About 10 years ago, I met a woman whose husband had died of Lou Gehrig’s disease – Amyotrophic Lateral Sclerosis (ALS). I remember her recounting a panic call to a friend when she could not get her husband out of the bathtub. I was saddened to think of her husband’s embarrassment as he lay in the tub fully aware and totally unable to move. Her story was a sad one and I remember thinking how lucky I was.
My luck has run out. My husband now has ALS . . . and will die from the complications of this tragic disease. ALS reduces vibrant people to total dependency. The vibrancy, emotion, and intellect remain but the body becomes an unresponsive, immobile shell.
This future is very different than we imagined. My husband is a photographer who no longer has the strength to photograph events (like weddings); he is struggling to make a living doing portraits only. I retired recently and looked forward to motorcycle trips, scuba diving, walking the dogs, and dancing with my husband. Now, he can no longer do any of these activities. It is a struggle for him just to go to the grocery store. I will be his caretaker as long as possible, with weekend help from his children, but caretaking will become increasingly difficult as the disease progresses and his incapacity grows.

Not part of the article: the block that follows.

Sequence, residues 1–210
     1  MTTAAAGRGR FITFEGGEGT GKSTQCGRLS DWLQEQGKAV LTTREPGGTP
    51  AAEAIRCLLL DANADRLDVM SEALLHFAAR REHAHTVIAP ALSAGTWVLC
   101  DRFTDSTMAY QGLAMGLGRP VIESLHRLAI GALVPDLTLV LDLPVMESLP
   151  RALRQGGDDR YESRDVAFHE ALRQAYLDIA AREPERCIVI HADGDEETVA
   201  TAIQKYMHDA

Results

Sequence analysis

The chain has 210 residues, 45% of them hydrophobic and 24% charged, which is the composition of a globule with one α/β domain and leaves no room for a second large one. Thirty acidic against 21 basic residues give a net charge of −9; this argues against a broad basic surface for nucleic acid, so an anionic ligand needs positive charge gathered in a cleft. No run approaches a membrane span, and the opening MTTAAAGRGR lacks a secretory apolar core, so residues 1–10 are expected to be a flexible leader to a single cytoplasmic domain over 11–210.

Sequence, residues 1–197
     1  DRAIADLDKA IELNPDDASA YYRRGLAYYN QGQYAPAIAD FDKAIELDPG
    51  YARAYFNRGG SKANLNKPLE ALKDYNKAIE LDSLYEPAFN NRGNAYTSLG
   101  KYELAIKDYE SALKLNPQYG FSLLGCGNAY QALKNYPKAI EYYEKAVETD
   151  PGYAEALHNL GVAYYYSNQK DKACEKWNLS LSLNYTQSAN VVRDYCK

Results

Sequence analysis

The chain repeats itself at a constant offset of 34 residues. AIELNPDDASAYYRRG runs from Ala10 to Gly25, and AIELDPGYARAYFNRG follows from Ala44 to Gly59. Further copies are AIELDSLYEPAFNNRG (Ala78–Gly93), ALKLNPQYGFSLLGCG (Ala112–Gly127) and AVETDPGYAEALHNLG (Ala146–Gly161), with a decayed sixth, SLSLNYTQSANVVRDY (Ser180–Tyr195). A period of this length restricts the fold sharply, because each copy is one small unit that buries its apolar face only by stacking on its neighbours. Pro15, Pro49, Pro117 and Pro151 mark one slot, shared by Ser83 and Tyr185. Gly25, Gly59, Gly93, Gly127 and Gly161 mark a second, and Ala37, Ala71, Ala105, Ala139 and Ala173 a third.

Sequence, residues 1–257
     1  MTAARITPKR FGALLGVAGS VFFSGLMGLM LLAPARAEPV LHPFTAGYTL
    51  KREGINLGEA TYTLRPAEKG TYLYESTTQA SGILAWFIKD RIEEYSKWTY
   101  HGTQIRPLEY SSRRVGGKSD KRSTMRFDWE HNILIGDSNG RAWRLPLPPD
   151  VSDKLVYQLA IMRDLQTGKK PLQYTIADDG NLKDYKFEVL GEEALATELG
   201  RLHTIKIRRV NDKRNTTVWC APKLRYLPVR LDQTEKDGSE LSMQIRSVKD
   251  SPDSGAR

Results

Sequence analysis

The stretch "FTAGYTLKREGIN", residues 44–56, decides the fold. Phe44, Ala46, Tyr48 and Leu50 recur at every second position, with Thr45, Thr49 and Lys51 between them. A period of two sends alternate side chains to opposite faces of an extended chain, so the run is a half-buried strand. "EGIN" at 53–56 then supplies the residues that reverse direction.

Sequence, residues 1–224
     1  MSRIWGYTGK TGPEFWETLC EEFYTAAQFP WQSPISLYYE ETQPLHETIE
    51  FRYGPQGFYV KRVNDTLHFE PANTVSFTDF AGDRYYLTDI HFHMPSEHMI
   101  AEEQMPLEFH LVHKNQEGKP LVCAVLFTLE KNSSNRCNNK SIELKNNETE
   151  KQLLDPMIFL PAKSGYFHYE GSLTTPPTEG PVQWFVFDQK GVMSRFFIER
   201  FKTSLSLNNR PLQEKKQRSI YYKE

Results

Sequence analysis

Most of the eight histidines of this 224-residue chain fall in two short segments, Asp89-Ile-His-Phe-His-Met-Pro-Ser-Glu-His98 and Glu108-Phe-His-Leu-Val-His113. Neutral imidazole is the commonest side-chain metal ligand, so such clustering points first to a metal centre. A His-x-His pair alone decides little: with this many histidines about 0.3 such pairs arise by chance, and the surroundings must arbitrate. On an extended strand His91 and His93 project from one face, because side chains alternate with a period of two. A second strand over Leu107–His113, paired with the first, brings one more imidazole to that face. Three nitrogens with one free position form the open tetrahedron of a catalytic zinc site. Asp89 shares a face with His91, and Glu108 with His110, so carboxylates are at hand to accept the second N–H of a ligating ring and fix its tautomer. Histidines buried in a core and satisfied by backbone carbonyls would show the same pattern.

On a long-term level, we are frustrated that there is no national ALS registry showing the true number of patients with ALS; a true picture of the extent of the problem would help focus research for a cure.
On a short-term level, we are frustrated that there is no assistance or insurance coverage for the costly items needed to overcome day-to-day obstacles: $20,000 for equipment to add to a van in order to carry a wheelchair; the cost of widening doors and adding ramps in our home so a wheelchair can pass; the cost of modifying the bathroom so that my husband can bathe and get to the toilet.
We are taking this one day at a time, but feel trepidation about what awaits us. Close your eyes and picture yourself in our shoes. Can you help resolve the frustrations all ALS patients face?
See the following website which is promoting awareness of this disease: http://www.rolloverals.org/ .
Rhonda C. Brodbeck
Caregiver to Mark, Person with ALS (PALS)